Beekeepers feels like an epic, and by epic I am not referring to Barney Stinson, rather Beowulf. In great epics themes had numeric patterns, often religious numbers 3, 4, 7, etc. Whether intentional or not, Beekeepers has these patters. In “Bad Things” they place the listener in the woods, dark woods, frightening woods, the woods that made us tremble when we were children.
These trees are alive and smiling their teeth that are made of bark are sharp. Our feet are black and blistered from running through these dark woods.
Instantly I am trust into memories of me too deep into an exploration, lost, confused, crying, and praying God would get me home. Then during “Witches” (6 songs later or 3 songs and 3 songs) they bring us back to the woods accept this time they validate our fears.
I was racing late at night through Salem’s autumn woods.
But they don’t want to hurt us; they want to love us, so three songs later in “Circuit Sunsets” they paint the woods in a different light:
I kept an eye on animals passing through long waving grass in a motion much like dance. I threw my shoes on a telephone line where laces intertwined by a dark wood soft romance.
Now my mind finds me in the same woods where first kisses happened beneath conifers as sunlight fought leaves and needles to find young bodies exploring touch and taste. Three times the woods are mentioned each time separated by values of three. Again, this could all be coincidence, but intentional or not the varying patterns make Beekeepers interesting, help give it multiple lives.
A CD having multiple-lives is as much about production as it is about the songwriting. Some serious credit needs to be given to Brian Sowinski. As I stated earlier I have listened to this CD all week. Each time I hear something new. That is the sign of a good recording to me. It wasn’t until listen #3 when I realized there was mandolin on “Knitting with Penelope.” It had perfect placement in the mix where my ears heard it as part of the composition, but it wasn’t begging for attention like a jealous little child wanting to play airplane. Situationally it also takes on different forms. When the I was driving with the top down the vocals and rhythm were perfectly balance so I could hear them above the wind whipping about. When the rains came and I had to put the top up, I could hear the truly focused instrumentation and layers. Even today listening to it for the first time with a sub I am pleasantly surprised with the thickness of the bass lines. They have excellent tone and enough movement to contribute without distracting.
By now I am sure you think I have lost all objectivity, that because my history with My Molly and my previous declarations of admiration and adoration I am not hearing the faults with the CD, and you would be wrong. There are a couple sour notes, an instance or two when I may have blown out the tracks to ensure everyone was hitting the one after a break. There was one spot where I would have picked a different instrument to lead in from a break, but then I asked myself would any of that make the CD better? Absolutely not. It is just some picky bullshit that ears that have been doing this for almost half their lives hear, and while it may improve that tiny moment it would not improve the CD.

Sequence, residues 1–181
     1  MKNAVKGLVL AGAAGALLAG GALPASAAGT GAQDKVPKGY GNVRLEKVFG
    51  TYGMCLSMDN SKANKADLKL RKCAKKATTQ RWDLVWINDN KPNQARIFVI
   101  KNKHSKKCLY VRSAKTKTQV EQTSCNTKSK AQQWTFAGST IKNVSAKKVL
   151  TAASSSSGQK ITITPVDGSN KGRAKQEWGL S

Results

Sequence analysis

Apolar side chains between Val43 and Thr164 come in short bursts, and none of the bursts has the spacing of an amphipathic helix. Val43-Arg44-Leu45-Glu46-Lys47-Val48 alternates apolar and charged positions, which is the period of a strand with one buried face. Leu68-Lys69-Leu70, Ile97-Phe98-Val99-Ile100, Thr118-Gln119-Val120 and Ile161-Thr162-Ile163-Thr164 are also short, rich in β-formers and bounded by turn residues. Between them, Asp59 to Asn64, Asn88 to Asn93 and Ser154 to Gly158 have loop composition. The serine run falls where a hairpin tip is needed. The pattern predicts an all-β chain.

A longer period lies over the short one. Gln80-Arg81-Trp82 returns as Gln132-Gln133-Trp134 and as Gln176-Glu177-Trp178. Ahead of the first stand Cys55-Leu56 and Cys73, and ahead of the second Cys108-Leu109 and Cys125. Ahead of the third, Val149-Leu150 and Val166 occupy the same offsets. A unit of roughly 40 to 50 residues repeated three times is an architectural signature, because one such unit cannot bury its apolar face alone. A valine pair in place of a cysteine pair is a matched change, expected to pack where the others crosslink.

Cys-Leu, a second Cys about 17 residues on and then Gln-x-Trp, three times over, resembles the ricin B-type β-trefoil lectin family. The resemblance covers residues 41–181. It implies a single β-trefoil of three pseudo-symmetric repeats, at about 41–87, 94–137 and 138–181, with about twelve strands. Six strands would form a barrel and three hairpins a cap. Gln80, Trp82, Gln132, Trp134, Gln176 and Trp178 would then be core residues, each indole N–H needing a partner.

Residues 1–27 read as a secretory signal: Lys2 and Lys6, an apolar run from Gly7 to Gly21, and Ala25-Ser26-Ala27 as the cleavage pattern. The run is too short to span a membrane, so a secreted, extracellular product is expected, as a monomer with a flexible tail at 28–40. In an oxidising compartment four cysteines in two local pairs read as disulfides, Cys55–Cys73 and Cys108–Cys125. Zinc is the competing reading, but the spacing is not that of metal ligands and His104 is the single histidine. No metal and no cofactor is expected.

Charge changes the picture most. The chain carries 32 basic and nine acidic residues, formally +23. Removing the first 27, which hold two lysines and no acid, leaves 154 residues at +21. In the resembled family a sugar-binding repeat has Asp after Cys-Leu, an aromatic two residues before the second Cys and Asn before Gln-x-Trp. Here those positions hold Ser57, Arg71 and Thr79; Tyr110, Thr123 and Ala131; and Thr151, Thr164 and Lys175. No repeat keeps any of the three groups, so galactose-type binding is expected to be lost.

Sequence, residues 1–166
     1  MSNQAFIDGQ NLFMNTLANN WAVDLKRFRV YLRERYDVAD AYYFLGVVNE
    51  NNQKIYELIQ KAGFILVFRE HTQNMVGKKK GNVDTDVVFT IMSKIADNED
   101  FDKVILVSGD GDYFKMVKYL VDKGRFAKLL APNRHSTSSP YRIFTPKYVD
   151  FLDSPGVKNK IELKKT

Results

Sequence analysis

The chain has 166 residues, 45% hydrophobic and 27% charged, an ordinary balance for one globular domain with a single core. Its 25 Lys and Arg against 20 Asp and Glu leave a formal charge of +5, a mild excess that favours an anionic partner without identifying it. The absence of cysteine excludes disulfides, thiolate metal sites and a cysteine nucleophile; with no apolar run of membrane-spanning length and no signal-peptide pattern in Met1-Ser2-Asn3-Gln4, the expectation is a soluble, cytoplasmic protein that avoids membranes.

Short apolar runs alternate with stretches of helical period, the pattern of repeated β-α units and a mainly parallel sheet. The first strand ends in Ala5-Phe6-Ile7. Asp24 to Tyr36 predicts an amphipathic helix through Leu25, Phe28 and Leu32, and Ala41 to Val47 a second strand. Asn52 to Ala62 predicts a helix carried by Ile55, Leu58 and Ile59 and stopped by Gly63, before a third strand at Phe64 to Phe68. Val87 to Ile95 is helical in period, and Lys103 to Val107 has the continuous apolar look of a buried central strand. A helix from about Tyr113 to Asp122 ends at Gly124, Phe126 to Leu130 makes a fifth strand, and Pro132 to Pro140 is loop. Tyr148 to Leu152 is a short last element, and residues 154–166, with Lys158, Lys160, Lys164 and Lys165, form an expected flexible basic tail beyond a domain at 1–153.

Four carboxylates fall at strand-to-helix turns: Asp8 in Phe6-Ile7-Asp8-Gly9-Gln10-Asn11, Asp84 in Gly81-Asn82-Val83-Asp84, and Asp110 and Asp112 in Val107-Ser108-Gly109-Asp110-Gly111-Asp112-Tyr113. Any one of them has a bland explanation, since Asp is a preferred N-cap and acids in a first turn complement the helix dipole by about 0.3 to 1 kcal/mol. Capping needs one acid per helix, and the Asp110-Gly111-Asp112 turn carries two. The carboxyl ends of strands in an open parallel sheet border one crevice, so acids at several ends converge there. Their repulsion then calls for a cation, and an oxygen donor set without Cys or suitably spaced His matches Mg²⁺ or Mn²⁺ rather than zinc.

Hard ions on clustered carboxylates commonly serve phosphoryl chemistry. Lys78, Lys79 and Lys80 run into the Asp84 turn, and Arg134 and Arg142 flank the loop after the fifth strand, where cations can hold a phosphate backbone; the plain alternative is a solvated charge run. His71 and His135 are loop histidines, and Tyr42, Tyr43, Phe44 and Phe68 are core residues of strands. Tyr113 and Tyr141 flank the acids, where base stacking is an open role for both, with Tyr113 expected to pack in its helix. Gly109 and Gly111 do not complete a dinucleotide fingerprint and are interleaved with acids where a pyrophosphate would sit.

Having grown up with vinyl I certainly appreciate the hipster trend to drop recordings on LPs, but what I have always loved about CDs is they allow you to experience the creation in its entirety without interruption to flip the record or tape. There is no longer a differentiation between A side and the dreaded B side where tracks go to die, now everything must be good. Rather than dropping 6 great songs upfront and then letting the CD disintegrate into dribble, Beekeepers is a slow build with recurring themes that climaxes on the second to last song then gently holds you for one final track, letting you know you are not alone. I encourage all that buy this CD to give yourself an hour to hear it from first act through finale, and I encourage you all to buy it.
That being said, we all have favorites and for different reasons I have two. With the blessings of Morning Bird Records and My Molly, I have been given permission to share those two with you. “Fission and Fusion” is the most vulnerable song on Beekeepers from the first line they expose their hearts, allow us to see through the stories, the adventures, to really feel what they are feeling without metaphor cloaking their intent.
Well I warned you I told you so, that you could leave it up to me to make an unresolvable mess out of everything. The sun and moon were in your eyes, and now that you’re gone I’ll sleep alone tonight.
Fission And Fusion by My Molly
There was some mild debate going on between me and the head of Morning Bird Records, Abi Robins. I was cemented to “Fission and Fusion” as the best song, and she tied herself to “Tie Me to the Mast” for her pick. While I am always going to pick raw emotion, I cannot deny that the sweeping harmonies in “Tie Me to the Mast” are without a doubt my favorite musical moment on Beekeepers. For that reason it gets a shared spot for favorite track on the CD.
Tie Me To The Mast by My Molly
I hope you enjoyed the songs and seriously encourage you to purchase this CD and see My Molly whenever you get a chance.